FarFish – Inspiration for Changes

Cadu Villaça from Brazil participated in the Far Fish Marine Management and Innovation course at the University of Tromsø this past March. He wrote to us last week to let us know of some exciting developments in his professional life, part of which he attributes to his participation in the FarFish course. This highlights how the FarFish project is having impact in the partner countries and the live of those connected to the project. An abridged version of his letter follows:

My participation in the course in Marine Management and Innovation promoted by the FarFish Project at the University of Tromsø, and the opportunity it provided to spend a few days with excellent teachers and young talents in the incredible environment of the University and the beautiful Tromsø, and experiencing the boat ride with Hermes II after such a high conversation with the entrepreneur and owner, among so many other experiences and conversations, recently helped me make professional and personal decision of great importance.

For a long time, I have dedicated part of my time to representing the Brazilian Fishing Sector. This started with the intention of including the lobster fishery of the state of Ceará in a Fishery Improvement Project (FIP).  After some time, I was appointed to assume the Technical Direction of Conepe, the National Collective of Fishing and Aquaculture.

There, with a national perspective, I was exposed to a much more complex system involving many environments, fisheries and cultures. I experienced and became aware of the difficulties and shortcomings of National Fishing Management.

Some ICCAT meetings we have been able to attend have served as a good example of what can be achieved through international cooperation for sustainable fisheries. It is clear that when protocols of data collection and consolidation are established, and when properly analyzed and when reflected in standards and deliberations discussed in a respectful environment, even geographic and cultural barriers can be overcome to develop management systems on the basis of the best available information, prevailing coherence.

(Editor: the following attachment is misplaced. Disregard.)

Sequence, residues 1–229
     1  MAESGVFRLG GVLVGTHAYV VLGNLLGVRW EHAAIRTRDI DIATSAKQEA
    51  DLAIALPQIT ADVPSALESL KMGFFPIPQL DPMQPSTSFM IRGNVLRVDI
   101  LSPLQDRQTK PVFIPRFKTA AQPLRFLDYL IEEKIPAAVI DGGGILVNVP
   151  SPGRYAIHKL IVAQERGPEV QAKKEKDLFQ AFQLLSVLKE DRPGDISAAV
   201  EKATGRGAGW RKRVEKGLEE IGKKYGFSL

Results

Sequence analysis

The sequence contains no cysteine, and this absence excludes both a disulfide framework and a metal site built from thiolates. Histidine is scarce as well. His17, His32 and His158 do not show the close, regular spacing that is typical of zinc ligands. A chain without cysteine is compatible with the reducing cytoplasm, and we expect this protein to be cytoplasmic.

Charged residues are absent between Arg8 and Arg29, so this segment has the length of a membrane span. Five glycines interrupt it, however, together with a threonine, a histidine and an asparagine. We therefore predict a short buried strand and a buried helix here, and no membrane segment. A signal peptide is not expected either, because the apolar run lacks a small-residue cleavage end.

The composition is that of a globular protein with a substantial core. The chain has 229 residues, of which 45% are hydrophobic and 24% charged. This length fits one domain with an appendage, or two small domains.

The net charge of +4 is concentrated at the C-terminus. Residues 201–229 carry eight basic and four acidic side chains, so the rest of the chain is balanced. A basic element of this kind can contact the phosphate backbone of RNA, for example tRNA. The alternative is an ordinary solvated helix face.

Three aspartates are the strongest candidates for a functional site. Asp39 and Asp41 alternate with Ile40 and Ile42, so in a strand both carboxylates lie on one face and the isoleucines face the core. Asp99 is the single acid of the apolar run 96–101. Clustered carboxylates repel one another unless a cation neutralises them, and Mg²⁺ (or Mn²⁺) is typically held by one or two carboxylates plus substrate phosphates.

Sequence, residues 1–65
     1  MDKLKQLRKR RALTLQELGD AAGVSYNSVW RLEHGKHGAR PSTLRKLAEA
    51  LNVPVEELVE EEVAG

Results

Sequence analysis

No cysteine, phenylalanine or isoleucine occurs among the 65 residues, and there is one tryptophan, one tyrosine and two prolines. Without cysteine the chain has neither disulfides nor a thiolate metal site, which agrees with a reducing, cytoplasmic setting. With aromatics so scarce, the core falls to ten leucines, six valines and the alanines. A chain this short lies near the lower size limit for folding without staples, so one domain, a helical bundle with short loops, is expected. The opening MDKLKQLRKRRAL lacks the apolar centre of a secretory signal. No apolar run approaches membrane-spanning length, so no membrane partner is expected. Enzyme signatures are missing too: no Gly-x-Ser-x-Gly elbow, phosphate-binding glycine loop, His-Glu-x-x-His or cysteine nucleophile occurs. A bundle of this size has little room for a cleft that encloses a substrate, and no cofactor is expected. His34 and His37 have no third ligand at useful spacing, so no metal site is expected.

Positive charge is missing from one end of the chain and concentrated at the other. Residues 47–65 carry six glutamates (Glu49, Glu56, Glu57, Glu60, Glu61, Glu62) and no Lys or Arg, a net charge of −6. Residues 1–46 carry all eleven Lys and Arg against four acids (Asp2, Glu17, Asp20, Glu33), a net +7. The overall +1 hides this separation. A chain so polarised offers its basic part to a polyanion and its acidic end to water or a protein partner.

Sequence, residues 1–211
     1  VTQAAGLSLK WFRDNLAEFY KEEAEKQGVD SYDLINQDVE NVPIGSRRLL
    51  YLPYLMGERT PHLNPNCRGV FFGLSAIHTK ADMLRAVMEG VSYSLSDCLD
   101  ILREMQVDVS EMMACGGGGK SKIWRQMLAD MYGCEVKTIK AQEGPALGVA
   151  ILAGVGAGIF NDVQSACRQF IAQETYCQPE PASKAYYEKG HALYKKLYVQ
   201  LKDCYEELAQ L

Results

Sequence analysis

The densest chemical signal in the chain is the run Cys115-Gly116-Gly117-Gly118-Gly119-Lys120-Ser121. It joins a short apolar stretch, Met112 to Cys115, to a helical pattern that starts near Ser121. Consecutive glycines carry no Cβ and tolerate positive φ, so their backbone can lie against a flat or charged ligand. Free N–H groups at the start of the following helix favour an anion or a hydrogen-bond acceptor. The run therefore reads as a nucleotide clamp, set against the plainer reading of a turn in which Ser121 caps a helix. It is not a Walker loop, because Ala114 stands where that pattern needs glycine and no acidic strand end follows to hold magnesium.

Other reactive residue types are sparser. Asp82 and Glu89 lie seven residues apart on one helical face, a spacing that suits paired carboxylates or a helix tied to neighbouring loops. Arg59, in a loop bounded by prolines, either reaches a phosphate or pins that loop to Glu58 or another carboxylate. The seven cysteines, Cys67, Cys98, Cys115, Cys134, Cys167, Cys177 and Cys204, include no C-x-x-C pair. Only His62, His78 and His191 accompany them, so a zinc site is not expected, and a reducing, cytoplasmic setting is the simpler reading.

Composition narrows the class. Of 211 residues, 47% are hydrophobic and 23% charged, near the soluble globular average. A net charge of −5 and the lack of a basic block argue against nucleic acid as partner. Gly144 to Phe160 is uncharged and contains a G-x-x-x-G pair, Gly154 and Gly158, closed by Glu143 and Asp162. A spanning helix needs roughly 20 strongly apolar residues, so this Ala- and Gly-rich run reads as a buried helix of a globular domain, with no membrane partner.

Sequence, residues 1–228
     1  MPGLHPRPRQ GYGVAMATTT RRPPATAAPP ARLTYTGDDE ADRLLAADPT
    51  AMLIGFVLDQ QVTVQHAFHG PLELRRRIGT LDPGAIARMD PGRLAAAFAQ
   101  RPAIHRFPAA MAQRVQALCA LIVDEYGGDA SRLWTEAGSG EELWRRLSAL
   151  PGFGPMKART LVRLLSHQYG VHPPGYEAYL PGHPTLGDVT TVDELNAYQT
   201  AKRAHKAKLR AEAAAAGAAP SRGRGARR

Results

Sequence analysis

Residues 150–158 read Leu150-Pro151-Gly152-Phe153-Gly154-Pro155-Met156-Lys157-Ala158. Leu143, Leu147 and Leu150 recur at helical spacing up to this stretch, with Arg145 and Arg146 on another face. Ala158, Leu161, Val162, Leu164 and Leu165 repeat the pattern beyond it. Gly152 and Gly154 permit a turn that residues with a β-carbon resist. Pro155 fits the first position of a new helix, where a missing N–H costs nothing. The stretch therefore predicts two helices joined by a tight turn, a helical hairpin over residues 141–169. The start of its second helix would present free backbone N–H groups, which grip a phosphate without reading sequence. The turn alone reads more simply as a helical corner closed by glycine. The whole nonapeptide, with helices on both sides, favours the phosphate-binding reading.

The course in Tromsø addressed many legal aspects of international management. The FarFish project also deals with this, namely the participation of European fleets in fisheries in international areas, whether by bilateral treaties or by activity in international waters, and the commitment of these fleets and their actors to promote in these regions action aimed at sustainability and efficient management of natural resources.

These experiences and the background I have gained over the years, have moved me decide to accept an invitation from the National Secretary of Aquaculture and Fisheries to join the Board of Directors in the Department of Registration and Monitoring.

Within the structure of the Ministry of Agriculture, which attends to agricultural and broodstock activities. The Ministry now comprises our comparatively small Secretary of Fisheries, which returned to this structure after experiences in many other institutions within the federal administration.  It basically has three Departments, including Fisheries Development and Management, Aquaculture Development and Management, and of Registration and Monitoring, where I now work.

In accepting this function, I acknowledge that it will not be possible to develop either fishing or aquaculture if we do not get the control of data and information. Our country is lacking in records and consequently cannot monitor activities properly.  What is produced, how much and where, with what seasonality, and a lot of other basic information is lacking, which causes problems for development of consistent instruments for management.

Our innovative idea is to promote, through support of technology and automation, a major campaign of systematization and data collection. This will allow us to offer the development departments of Aquaculture and Fisheries, new platforms of data collection and monitoring. It is clear that the Fisheries Department needs a thorough reviews, fleets, value chains, training, and production limits to truly be able to develop a solid and sustainable future scenario. We aim to develop strong cooperation with research centers, civil society representation, legislative powers, to finally bring regulation and legal security that promote medium and long-term investments and enable development and balance in the fisheries sector.

Finally, I must thank the FarFish project and the whole FarFish team for making my participation possible, as well as the UiT staff and the beautiful Tromsø. I hope that the inspiration of this course will reflect a great change in the Brazilian approach to fisheries and aquaculture management, and that we will enter a cycle of development of the Sea Economy in harmony with the various activities, countries and cultures that divide the Oceans.

Cadu Villaça